Harry’s been in touch again – if you want to get up to speed, here’s his last post.
It’s been quite a while since I sent in photos of my layout, several years by my count, so I don’t know if you remember.
I’m a retired aerospace engineer with a small 32” x 64” N Scale layout.
I kinda stopped working on the layout a while back as I was doing a lot of sailing and flying, but I sold my homebuilt airplane last summer after 20 years of flying it, and with the pandemic shutdown, the sailing slowed as well.
So since I was cooped up, I gravitated back out to the shed and went back to work on the layout.
I had just recently gotten back to the hobby after 30 years and it all started with your Beginners Guide. You may recall I termed mine a ‘test layout’ since I originally built it in a hurry to test out ideas and new materials in getting back to the hobby after so long and it sort of grew from there.
With the advent of DCC and all the low cost microelectronics I was hooked, (re-hooked). Having all the unwelcome COVID-19 shutdown time, and to forestall boredom, I think I made enough trees to reforest the Sahara (in N Scale of course) and I didn’t really expand the layout at all, just kept adding people, trees and Arduinos, sigh. I still consider enlarging the layout to go all around my 8 x 14 foot shed, but I usually just sit quietly till the feeling subsides.
I have gotten into Arduino and Raspberry Pi projects and right now I’m working on a crossing gate system using Arduinos. I need to find an old fashioned doorbell with the arm and coil for the sound, but they are becoming quite rare.
I use a Raspberry Pi to compile and download my Arduino code, so my shed is a computer room as well as a train room, but it keeps me from going mad… I think… The layout itself has 6 Arduinos beneath, controlling the main street traffic lights, campfires, arc welder in the factory, hotel room lighting and several other tasks as well as controlling the 17 turnouts on the pike.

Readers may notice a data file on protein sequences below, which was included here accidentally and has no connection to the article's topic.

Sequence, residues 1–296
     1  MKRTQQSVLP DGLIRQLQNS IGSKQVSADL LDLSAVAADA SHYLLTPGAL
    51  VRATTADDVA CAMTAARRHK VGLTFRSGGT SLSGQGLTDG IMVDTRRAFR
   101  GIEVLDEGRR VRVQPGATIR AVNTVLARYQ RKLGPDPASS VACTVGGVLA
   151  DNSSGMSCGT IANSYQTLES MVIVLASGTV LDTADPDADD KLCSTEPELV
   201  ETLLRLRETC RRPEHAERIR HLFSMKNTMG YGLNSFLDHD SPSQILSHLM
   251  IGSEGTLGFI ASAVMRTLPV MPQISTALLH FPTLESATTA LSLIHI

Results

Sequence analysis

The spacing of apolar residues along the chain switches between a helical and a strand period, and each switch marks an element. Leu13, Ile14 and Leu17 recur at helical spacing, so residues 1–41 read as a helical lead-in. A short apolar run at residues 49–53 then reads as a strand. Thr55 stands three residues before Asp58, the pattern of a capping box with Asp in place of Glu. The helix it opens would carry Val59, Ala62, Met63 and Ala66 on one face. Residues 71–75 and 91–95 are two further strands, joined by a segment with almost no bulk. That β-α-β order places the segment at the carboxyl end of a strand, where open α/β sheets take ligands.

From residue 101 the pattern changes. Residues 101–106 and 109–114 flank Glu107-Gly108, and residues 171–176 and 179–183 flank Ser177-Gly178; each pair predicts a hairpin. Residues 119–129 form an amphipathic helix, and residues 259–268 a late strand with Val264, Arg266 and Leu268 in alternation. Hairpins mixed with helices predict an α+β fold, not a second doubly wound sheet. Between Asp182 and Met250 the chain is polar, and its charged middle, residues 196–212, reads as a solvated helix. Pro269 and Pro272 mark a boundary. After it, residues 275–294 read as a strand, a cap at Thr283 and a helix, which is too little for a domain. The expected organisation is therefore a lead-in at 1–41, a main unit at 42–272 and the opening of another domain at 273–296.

I will end up using two Arduinos to control the crossing gates since they don’t multitask well, but at a cost of $2.50 ea US I can afford to be generous with my distributed processing. After 25 years of writing code for inertial guidance systems, it’s fun to play with these things. I was retired for over 5 years before I discovered them and my coding skills were getting pretty rusty. It’s coming back, sort of….
It’s been so long since I sent those photos I don’t even remember which photos I sent and I don’t think that article is on line anymore, so I’ve attached a few photos I’ve taken recently which I’m sure won’t be duplicates. I may send them in several emails since I don’t know how much the web will tolerate.
Keep up the good work and stay healthy.
A huge thanks to Harry. Loved the narrative just as much as the new pics. Stunning stuff indeed.
And I’m only human – when people say kind things about the Beginner’s Guide, it really does put a smile on my face.
That’s all for today folks.
Please do keep ’em coming